A group of dedicated advocates came to the State House to lobby for a bill that would require automated external defibrillators in Schools. The advocates are so passionate because they unfortunately lost a child because when they suffered sudden cardiac arrest a defibrillator was not available.
You could not have asked for better advocates to storm the State House and share the message.
Sudden cardiac arrest (SCA) occurs when the heart’s electrical system abruptly malfunctions and the heart suddenly stops beating normally. SCA is often confused with a heart attack, which typically happens when blocked arteries prevent blood from reaching the heart’s muscles. There is hope for SCA victims, but time is the enemy. To survive SCA, they must receive immediate cardiopulmonary resuscitation (CPR) to increase the blood flow to the heart and brain, along with an electrical shock from a defibrillator to stop the abnormal heart rhythm. For every minute without life-saving CPR and defibrillation, chances of survival decrease by 7 to 10%. Only an estimated 8% of victims who suffer a SCA outside of a hospital setting survive.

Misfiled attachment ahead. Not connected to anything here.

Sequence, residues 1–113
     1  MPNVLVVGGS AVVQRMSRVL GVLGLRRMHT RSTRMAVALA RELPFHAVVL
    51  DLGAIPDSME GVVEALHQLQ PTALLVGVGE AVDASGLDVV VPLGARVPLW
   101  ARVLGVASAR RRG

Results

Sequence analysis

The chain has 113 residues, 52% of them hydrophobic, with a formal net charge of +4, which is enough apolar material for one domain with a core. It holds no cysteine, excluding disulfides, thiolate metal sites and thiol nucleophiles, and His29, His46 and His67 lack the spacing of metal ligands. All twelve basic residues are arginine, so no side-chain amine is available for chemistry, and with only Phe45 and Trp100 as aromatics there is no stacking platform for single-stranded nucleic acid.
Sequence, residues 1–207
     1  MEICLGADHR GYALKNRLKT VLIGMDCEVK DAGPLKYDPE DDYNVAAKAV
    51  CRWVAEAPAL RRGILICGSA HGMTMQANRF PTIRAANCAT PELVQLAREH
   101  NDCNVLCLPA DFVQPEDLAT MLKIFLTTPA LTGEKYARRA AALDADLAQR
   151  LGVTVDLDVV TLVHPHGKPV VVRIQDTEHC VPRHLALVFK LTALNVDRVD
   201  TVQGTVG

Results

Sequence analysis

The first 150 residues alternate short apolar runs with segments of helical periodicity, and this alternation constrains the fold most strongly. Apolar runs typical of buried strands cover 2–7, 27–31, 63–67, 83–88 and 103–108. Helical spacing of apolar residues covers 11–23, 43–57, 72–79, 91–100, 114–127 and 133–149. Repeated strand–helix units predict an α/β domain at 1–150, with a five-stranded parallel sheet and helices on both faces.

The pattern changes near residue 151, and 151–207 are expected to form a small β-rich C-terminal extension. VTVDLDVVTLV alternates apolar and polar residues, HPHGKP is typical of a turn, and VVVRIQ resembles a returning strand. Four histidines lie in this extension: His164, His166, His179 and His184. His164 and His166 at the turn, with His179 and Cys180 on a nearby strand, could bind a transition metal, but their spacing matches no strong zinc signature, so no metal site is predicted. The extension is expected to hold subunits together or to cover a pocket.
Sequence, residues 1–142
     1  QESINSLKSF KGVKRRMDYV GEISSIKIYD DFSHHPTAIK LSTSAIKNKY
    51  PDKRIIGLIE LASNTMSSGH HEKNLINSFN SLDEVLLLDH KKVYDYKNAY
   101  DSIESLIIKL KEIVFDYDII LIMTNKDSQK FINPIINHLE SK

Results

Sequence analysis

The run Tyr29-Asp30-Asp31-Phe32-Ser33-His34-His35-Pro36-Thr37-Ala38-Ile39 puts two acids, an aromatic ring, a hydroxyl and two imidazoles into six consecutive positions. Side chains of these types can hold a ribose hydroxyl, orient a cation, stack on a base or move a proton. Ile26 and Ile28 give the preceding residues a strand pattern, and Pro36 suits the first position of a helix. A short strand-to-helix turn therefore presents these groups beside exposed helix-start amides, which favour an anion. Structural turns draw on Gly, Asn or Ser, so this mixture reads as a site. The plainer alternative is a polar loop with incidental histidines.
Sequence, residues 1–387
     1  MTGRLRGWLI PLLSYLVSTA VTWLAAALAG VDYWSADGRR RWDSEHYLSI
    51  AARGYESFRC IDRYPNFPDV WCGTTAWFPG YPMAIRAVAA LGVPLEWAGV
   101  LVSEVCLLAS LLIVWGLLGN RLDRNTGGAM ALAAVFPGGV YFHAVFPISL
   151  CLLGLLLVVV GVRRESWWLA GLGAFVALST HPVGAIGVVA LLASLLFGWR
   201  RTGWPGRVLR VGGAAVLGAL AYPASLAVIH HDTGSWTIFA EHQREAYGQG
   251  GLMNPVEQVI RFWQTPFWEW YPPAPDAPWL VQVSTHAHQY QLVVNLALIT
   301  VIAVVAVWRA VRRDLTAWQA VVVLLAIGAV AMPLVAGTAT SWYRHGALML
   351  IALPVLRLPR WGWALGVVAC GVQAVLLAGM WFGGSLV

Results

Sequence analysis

The Automated External Defibrillator (AED) is a simple-to-use device about the size of a laptop computer that is used to shock the heart of a person suffering a SCA to return the heart to a normal rhythm. Treatment of SCA is a race against the clock. The combination of early, immediate CPR and defibrillation can more than double a victim’s chance of survival.